This used to bother me a lot more before I heard the story of René Molho (of blessed memory.) René was a survivor of Auschwitz and one of my teachers. He devoted his last years to retelling his story to combat the rising tide of Holocaust denial. René and his brother grew to young manhood in Salonica, a Greek island with a famous Sephardic community.  Just as Ashkenazi Jews spoke Yiddish, Sephardic Jews spoke Ladino, a language closely related to Spanish. When René and his brother arrived at Auschwitz, the Jews there refused to believe the two young men were Jewish because they didn’t speak Yiddish. It was quite a while before they stopped treating the Molhos with suspicion.

René was in Auschwitz with a yellow star on his chest, and there were Jews who thought he wasn’t Jewish enough.

This sad, stupid business has many roots. The Jews René met in Auschwitz had been terrorized. Many of them had never met Sephardic Jews, and it must have seemed like some new and horrible trick. From the Roman Empire through the Middle Ages, it was often illegal for Jews to convert Christians or Muslims to Judaism, so a ger tzedek [convert] could bring huge fines or violence down upon the community. Jews are obligated by Jewish law to welcome and assist fellow Jews, so frauds were not welcome.

But in my experience, most of the “More Jewish than You” game in modern times comes from insecurity. Jews who worry about their own legitimacy salve that insecurity by finding someone to look down upon. It’s not just converts to Judaism, either: I have heard people say that someone is less Jewish than so-and-so because:

  • he doesn’t “look Jewish.”
  • her last name is Smith.
  • he goes to a Reform synagogue.
  • she doesn’t keep kosher, or doesn’t keep kosher enough.
  • so-and-so is a decendant of the Baal Shem Tov.
  • so-and-so looks SO Jewish.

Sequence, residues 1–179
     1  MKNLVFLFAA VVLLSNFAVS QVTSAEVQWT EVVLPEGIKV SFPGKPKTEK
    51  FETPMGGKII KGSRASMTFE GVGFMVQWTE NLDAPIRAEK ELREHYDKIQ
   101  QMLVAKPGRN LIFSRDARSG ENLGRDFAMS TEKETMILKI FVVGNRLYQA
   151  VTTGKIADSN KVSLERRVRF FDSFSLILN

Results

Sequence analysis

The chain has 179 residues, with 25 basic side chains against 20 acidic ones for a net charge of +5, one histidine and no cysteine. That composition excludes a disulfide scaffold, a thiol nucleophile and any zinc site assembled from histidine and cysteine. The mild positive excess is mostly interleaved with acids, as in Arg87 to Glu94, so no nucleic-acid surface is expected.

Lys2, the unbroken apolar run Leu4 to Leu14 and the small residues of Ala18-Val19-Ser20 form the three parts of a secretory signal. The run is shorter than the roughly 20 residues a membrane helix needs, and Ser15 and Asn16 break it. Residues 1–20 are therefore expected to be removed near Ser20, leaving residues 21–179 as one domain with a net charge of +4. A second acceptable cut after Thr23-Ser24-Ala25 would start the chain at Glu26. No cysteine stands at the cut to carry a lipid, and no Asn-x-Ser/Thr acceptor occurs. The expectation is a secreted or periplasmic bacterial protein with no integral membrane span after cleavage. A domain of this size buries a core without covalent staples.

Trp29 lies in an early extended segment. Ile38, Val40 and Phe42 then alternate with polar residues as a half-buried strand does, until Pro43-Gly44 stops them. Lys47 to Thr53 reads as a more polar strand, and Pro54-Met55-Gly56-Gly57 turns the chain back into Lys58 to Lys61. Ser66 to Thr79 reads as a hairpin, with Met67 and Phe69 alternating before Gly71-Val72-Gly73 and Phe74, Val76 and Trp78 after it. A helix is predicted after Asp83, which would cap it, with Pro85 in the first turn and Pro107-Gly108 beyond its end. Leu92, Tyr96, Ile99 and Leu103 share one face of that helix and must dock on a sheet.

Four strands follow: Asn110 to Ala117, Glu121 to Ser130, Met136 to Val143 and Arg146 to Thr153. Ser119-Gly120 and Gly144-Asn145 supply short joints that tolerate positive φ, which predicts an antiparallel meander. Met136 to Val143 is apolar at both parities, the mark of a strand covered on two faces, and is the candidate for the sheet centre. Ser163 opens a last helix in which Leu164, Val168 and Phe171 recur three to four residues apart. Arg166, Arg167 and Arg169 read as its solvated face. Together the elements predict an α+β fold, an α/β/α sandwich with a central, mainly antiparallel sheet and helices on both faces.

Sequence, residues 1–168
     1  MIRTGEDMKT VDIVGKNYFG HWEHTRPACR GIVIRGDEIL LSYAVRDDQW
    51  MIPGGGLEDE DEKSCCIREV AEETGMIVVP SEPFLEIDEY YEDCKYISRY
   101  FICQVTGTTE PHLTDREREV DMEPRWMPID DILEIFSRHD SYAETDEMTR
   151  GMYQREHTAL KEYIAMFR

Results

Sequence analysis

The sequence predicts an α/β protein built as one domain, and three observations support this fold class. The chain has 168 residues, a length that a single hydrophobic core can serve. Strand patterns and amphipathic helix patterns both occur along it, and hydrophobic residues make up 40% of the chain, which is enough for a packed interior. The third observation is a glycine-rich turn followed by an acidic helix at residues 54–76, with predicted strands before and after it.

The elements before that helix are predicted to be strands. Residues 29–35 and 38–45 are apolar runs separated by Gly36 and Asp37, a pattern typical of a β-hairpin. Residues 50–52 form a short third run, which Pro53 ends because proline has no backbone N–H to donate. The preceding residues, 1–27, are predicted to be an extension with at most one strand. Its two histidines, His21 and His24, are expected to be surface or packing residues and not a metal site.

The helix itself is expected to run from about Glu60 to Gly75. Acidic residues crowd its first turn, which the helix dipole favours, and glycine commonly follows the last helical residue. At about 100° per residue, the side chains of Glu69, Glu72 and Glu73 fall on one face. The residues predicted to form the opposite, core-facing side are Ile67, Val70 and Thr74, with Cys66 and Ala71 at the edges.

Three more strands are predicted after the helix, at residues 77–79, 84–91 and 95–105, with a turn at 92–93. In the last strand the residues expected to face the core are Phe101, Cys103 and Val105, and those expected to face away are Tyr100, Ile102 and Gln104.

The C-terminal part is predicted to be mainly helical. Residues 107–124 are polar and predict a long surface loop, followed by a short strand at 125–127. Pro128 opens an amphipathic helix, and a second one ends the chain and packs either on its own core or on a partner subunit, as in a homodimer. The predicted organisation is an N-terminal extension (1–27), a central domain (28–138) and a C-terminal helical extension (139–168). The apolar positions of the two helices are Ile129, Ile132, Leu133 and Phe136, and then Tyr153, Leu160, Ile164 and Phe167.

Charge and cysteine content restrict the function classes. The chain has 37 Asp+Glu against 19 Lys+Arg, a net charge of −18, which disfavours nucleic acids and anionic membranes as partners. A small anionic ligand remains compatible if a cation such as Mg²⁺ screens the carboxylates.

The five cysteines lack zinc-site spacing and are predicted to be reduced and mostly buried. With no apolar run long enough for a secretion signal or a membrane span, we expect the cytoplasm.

• so-and-so goes to such-and-such a synagogue.
  • so-and-so speaks Yiddish.

If something about your status as a Jew worries you, talk to a rabbi and figure out what you need in order to feel legitimately Jewish. If only an Orthodox conversion will do, go for it! If in your heart of hearts you feel you really ought to be keeping kosher, do it! If you need to do more mitzvot in order to feel legitimate, run to do those mitzvot! If you feel sorta-kinda-Jewish and wish you had papers to prove you are really, absolutely Jewish, talk to a rabbi about conversion or some other way to ritualize your identity.  Learn Hebrew, learn Yiddish, learn Ladino. If general insecurity is the problem, get some therapy. But don’t let stupid words from insecure people make you miserable.

But whatever you do, don’t find someone to label “Less Jewish than Me” so that you have someone to look down on, too. We can all be tempted by this at times – to say that well, so-and-so is Orthodox and all that, but she’s really a hypocrite (thus not as Jewish as Me.) We might be tempted to throw around some Hebrew when we know that some of the people at the table don’t speak Hebrew, because hey, it may make them feel bad but Can You See How Jewish I Am? You’ve seen the game played – just make sure you are never the player.

And may the day come soon when we are all kind and wise, and there is no more insecurity, and no temptation to cruel games or defenses against them! Amen.